Associated with that opportunity, my focus is to make sure that everything we do is centered on two things. The first is to maximize the customer experience and ensure that we're serving them and supporting them as evaluated through their lens. And the second is around our role in innovating and developing products and getting those products and the benefits of our technology into the hands of our customers and the end users.

CT: What about customers? Have you visited any schools yet? What are they telling you?

Ballhaus: I have had the chance to speak with a few customers, and both the feedback and their comments tend to range. What I'm seeing is that our clients are really looking to us to help partner with them, to support their mission and their endeavors and what they're trying to do and the impact that they're trying to have on students.

You have to realize that I'm at the end of my third week. Most of my time has been spent with our employees [and] our leadership team listening, trying to get up to speed, understanding the various perspectives in the company, the opportunities that we have.

CT: When you're talking with the staff and executives within Blackboard, is there some unmet need that they're sharing with you? Or are they pretty upbeat and positive about the direction the company is going?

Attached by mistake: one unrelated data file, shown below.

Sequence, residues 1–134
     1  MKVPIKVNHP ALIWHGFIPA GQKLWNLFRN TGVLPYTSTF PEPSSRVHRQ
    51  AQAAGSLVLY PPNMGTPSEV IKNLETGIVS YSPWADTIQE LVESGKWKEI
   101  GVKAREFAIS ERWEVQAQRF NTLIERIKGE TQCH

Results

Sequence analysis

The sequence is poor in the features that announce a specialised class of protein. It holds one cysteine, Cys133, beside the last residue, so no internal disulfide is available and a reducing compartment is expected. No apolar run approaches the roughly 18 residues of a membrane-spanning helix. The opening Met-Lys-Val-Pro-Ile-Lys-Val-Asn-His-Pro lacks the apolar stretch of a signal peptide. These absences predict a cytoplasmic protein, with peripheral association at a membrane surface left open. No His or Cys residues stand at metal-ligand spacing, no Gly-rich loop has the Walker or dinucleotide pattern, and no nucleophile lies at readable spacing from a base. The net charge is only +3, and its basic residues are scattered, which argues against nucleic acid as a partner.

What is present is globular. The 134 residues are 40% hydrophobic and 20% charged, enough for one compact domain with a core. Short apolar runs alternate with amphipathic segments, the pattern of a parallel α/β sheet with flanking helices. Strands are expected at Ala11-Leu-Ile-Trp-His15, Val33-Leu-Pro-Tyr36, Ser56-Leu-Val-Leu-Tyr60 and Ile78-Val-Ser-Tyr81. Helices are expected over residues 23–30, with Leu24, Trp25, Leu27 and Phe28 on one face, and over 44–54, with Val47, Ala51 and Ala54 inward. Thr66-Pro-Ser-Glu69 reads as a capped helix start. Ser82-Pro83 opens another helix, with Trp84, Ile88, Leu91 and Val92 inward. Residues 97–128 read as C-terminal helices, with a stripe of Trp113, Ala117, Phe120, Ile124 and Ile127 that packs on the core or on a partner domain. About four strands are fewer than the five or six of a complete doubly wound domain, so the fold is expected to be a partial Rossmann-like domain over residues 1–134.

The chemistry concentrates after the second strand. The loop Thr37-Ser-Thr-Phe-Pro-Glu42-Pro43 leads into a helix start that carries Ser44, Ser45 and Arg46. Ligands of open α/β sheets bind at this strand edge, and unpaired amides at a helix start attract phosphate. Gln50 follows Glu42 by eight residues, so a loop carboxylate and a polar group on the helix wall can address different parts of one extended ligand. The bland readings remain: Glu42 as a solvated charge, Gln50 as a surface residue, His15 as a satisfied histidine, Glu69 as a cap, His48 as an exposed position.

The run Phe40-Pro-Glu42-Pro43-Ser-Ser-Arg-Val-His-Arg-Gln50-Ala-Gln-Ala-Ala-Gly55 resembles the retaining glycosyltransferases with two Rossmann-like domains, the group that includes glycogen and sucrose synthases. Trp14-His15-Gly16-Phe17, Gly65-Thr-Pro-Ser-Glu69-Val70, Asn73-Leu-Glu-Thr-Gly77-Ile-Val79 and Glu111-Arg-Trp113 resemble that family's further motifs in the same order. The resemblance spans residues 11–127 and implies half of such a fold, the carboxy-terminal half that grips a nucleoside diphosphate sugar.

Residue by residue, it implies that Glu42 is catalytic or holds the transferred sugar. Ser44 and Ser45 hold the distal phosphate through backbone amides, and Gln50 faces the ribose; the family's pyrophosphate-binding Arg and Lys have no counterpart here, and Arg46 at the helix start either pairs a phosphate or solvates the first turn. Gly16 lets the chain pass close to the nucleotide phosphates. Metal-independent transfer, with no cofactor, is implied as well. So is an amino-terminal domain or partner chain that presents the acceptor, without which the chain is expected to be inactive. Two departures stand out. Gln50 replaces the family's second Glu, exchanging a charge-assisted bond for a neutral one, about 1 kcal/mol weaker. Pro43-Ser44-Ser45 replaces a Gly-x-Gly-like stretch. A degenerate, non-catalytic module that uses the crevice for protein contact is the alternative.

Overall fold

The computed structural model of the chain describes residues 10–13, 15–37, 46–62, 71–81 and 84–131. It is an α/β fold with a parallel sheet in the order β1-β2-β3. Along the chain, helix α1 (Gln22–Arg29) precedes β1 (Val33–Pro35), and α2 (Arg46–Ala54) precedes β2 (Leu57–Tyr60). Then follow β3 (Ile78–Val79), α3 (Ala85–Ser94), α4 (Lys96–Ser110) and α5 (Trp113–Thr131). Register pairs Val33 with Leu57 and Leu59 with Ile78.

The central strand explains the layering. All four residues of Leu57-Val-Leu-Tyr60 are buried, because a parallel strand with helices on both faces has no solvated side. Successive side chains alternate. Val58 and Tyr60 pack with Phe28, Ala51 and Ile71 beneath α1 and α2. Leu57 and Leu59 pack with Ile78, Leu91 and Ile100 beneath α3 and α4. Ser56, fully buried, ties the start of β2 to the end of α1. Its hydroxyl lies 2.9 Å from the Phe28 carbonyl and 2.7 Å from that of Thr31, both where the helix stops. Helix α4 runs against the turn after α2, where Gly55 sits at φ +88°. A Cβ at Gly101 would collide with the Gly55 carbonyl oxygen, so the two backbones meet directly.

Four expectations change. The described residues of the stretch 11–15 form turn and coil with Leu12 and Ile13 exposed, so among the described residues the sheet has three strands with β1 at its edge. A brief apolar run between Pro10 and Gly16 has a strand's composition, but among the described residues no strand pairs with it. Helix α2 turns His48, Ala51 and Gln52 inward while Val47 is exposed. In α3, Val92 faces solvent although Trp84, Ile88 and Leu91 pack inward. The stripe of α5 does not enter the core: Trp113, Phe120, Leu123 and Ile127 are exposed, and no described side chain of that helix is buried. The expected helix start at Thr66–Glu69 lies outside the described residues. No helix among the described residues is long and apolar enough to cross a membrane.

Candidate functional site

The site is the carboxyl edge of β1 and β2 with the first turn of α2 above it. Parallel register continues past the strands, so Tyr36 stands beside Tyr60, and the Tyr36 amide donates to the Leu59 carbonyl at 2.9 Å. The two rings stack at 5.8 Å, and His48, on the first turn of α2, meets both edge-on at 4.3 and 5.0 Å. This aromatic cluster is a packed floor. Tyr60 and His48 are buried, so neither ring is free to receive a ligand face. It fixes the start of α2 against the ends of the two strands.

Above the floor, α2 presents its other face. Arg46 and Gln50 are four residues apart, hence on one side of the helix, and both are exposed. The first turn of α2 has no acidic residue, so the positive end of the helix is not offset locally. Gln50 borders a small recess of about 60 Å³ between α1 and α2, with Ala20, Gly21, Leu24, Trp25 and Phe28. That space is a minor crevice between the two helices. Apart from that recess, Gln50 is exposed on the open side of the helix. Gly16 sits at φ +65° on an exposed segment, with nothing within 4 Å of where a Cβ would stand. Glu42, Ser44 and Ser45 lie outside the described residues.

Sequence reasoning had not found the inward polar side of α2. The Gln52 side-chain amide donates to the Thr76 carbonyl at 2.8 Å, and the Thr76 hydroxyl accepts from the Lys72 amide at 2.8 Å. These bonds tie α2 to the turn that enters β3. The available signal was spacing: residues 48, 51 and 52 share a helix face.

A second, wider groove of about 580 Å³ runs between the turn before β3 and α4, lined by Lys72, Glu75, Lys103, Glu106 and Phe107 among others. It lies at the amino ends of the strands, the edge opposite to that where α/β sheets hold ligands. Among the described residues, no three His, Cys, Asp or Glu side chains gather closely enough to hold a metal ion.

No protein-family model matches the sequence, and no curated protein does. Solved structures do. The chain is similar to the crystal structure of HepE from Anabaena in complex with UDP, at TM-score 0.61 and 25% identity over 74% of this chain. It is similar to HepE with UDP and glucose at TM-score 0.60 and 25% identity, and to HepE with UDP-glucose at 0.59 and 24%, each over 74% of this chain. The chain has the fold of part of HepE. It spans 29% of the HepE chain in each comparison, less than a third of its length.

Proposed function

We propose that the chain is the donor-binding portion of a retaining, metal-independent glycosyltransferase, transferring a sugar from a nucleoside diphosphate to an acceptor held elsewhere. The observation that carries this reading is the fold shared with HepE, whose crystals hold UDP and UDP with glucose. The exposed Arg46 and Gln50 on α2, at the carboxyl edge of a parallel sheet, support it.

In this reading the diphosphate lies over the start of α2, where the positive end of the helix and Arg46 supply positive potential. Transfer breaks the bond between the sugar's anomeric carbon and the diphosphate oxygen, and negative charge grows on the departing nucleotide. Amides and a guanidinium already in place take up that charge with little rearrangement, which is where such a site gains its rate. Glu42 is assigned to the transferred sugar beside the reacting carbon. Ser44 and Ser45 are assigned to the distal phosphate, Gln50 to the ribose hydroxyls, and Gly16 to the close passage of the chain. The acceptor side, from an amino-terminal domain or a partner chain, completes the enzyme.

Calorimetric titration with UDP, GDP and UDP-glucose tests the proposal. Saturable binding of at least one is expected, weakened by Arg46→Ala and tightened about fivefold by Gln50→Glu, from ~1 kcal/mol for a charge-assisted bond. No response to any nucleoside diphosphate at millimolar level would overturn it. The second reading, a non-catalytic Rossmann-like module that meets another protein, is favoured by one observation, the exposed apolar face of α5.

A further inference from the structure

Ballhaus: What has come out of the conversations that I've had with both the leadership and employees across the company reflect the journey the company has been on and that it continues to be on. Specifically, what it looks like to me is a company that over time has acquired and developed a tremendous array of capabilities and a footprint in the market that's extremely broad and unique. No other company has acquired and developed the breadth of capabilities we have — teaching and learning, community engagement, commerce and security, mobile applications, right on the cusp of leveraging our broad footprint to create new services like data analytics that are focused on achieving specific outcomes — that breadth of capabilities is really unique. So the journey that we've been on has been acquiring and developing those capabilities.

Now we're trying to optimize how we continue to integrate and enhance those capabilities so we can have the maximum impact possible in improving the learning experience for students and supporting educators.

CT: You come out of a role that was focused on serving government. Are you detecting that there are differences in serving a primarily education market?